He said a temporary cap on skilled migration "is already causing delays to major UK offshore and gas projects on which, paradoxically, hundreds of jobs for UK residents depend."

Adoption of the proposed limits would "jeopardize investment in the development of the UK's oil and gas resources, with the related risk to employment and security of energy supply in the medium and long term," he said. "We call on the government to ensure that entry of skilled migrants via the Tier 2 route and particularly ICT is protected."

Exploration & Development - Quick Takes

Anadarko Brazil postsalt find heads for presalt

Anadarko Petroleum Corp. has a two-zone postsalt oil and gas discovery at its Itauna-1 exploratory well in the BM-C-29 block in the Campos basin off Brazil.

The well is at 15,250 ft and has encountered more than 275 net ft of oil and gas pay in two separate postsalt zones. The company called the discovery substantial and has filed show reports with Brazil's ANP on the two formations.

Anadarko said, "The already significant postsalt pay count could increase when we perform a bypass to obtain additional information that should address the unconsolidated formations in the existing hole. We are drilling ahead to test two targeted presalt objectives and expect to complete activities in the well by the end of the year."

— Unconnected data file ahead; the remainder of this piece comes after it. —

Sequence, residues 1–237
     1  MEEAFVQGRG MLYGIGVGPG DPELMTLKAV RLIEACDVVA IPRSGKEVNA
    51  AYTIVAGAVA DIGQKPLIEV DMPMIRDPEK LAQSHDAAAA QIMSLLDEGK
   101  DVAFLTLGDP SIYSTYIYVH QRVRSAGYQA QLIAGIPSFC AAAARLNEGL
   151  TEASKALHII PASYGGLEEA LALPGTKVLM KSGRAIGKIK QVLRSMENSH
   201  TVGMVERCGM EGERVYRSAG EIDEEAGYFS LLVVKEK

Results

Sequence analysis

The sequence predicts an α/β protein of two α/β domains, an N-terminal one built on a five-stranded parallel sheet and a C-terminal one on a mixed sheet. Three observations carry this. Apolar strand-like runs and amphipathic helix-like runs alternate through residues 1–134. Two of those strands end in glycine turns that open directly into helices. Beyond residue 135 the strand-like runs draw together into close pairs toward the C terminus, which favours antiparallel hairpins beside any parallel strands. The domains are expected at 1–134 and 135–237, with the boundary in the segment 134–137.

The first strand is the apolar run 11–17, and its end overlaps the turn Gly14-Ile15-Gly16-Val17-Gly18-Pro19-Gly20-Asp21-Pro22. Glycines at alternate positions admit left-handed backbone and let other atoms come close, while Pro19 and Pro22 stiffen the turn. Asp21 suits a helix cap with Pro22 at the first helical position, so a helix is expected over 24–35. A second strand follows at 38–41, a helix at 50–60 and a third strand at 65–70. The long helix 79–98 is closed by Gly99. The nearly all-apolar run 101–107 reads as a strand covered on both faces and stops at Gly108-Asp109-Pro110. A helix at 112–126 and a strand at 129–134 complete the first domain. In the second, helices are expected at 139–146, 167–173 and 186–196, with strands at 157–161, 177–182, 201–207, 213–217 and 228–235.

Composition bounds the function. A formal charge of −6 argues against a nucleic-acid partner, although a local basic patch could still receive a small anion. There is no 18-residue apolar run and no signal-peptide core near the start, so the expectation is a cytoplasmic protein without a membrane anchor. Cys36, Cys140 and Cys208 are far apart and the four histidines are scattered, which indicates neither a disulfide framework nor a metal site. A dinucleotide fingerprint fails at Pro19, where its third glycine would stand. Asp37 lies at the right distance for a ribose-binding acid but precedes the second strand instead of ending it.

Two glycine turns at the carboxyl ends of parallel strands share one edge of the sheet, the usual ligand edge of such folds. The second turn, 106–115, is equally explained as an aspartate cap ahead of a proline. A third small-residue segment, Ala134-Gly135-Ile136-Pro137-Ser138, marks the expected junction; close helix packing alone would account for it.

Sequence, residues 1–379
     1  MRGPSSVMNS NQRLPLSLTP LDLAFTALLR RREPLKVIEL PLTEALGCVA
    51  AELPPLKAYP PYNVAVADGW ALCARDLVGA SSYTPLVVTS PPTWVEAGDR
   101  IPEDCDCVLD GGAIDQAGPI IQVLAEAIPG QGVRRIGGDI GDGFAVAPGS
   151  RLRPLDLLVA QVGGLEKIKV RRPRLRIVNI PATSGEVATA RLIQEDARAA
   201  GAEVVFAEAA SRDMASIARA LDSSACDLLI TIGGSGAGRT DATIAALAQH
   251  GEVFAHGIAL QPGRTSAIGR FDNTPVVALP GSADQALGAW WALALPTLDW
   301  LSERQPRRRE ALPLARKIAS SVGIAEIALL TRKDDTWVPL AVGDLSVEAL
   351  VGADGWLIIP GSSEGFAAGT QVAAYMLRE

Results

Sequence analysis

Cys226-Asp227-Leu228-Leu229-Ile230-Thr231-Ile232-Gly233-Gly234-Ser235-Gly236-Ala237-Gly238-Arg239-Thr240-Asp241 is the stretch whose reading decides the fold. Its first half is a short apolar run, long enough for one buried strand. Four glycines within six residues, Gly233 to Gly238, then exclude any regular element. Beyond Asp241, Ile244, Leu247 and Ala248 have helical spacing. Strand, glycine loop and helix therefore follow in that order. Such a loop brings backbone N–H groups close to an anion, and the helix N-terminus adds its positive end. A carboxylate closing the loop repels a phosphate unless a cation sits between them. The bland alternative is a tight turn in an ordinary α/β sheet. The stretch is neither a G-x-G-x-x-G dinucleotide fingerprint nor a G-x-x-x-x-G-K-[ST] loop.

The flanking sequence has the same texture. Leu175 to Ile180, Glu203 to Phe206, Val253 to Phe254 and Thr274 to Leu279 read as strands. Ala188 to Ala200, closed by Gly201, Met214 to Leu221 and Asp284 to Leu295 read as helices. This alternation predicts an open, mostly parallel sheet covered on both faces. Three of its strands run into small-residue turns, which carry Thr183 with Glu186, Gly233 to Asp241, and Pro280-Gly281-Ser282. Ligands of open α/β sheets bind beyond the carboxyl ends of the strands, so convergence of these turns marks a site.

Itauna-1, in 250 ft of water, is to continue to nearly 18,000 ft. The rig will then work for another operator before returning to Anadarko in 2011 for appraisal drilling on the block.

Anadarko operates BM-C-29 with a 50% working interest, and Colombia's state Ecopetrol owns the other 50% through its affiliate Ecopetrol Oleo e Gas do Brasil Ltda.

ConocoPhillips ramps up Eagle Ford position

ConocoPhillips plans to sharply hike capital spending in the Southeast Texas Eagle Ford shale play in 2011.

The investment level, although not yet approved, likely will be $1-1.5 billion in 2011 compared with $300 million in 2010, management said last week. The 2011 amount is for drilling and completions, not to add acreage.

The company holds more than 240,000 net acres southeast of San Antonio in Live Oak, Bee, Karnes, DeWitt, and Gonzales counties and expects to be running 10 rigs by the end of 2010.

Results from wells drilled so far are very encouraging, with 30-day averages of 1,500 boe/d at a cost of $8-9 million/well.

The company expects its activity to pick up in the fourth quarter from the nine rigs now running. It drilled 15 wells and completed eight in the quarter ended Sept. 30.